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    Those of you who are fans of Russian song should check out Rostislav Boiko's "Vyatka Songs" (for orchestra and voice) available on RUSSIAN DISC RD CD 11 045.

    Boiko 1.jpg Boiko 2.jpg

    My favorite remains the final song, number 13, "As the Linnet Was Walking in the Boyar's Yard". If this doesn't convince you that Russian song is worth seeking out, you have no ears.

    By the way, that Boiko Symphony No. 2 is pretty good, too!

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    Quote Originally Posted by BiscuityBoyle View Post
    Being Russian, I find it so sad that Chekhov is better known in the West as a playwright than as the author of arguably the most extraordinary body of short fiction in world literature alongside Kafka. Even his finest stab at dramaturgy, The Seagull, has maybe an act and a half that's masterful and plenty that's ham-handed and melodramatic. But this kind of thing is catnip to most theater goers who are very much into the claptrap about "the Russian soul."



    I'd recommend then to look into Tolstoy's short novella The Death of Ivan Ilyich, it's the kind of work you get goosebumps just thinking about.
    The Chekhov short stories are very good, though I’m more interested in Kafka’s modernism. The plays are an enigma, I mean, why don’t those thee sisters just pull themselves together - they’ve got a nice house and a good family and friends, and they’re not short of a bob or two, what’s to be so miserable about?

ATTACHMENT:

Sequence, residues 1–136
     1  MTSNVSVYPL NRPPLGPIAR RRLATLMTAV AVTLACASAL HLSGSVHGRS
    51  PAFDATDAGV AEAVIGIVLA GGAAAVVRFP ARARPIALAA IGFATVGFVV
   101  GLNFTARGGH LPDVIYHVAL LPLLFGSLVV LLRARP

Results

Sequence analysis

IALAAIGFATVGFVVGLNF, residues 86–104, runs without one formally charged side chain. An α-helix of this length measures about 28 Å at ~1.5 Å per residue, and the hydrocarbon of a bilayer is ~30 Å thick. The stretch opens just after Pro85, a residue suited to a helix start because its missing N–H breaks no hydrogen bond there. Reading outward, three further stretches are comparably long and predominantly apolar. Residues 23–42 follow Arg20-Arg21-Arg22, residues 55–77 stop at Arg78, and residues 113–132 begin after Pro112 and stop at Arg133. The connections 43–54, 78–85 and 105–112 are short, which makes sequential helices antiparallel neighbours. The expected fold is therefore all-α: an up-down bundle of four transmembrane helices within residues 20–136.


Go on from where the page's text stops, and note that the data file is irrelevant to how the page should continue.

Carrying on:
You know, I’ve always avoided Tolstoy’s late works because of the way he caught religion, but what you’ve written will prompt me to give it a try sometime (at the moment I’m reading more French than Russian, I’m reading a lot of Claude Simon and Richard Millet)
    Last edited by Mandryka; Aug-14-2018 at 06:49.

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    Quote Originally Posted by Forss View Post
    My quest is simple: I am in search of the Russian-Soviet spirit in the sphere of (classical) music, the same spirit that I find in the writings of, say, Dostoyevsky, Tolstoy, Solzhenitsyn and Svetlana Alexievich, i.e. in the good Russian world of the humanities. What composer – if any – has captured this spirit, or experience, in his or her music? ...
    Mussorgsky, Shostakovich.

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    One of my favorite short stories of all time remains "Bezhin Meadow" (or "Bezhin Lea") by Ivan Turgenev, whom some of you will know from the novel Fathers and Sons (1862). "Bezhin Meadow" is from the collection A Sportsman's Sketches (1852), a milestone of Russian realism. If I were to equate this story (and others from A Sportsman's Sketches) to a sound from some Russian composer, I might turn to the orchestral music of Anatoly Liadov whose short tone poems "Baba Yaga", "Kikimora", and "The Enchanted Lake" may have little to do with Turgenev realism but certainly do reflect the "sounds" I hear when I read the story. Maybe the novel Fathers and Sons is better served by the symphonies of Boris Lyatoshinsky. But I, for one, have been reading for years, and often seek appropriate music to filter the background. These are some of my picks for the Russian Turgenev.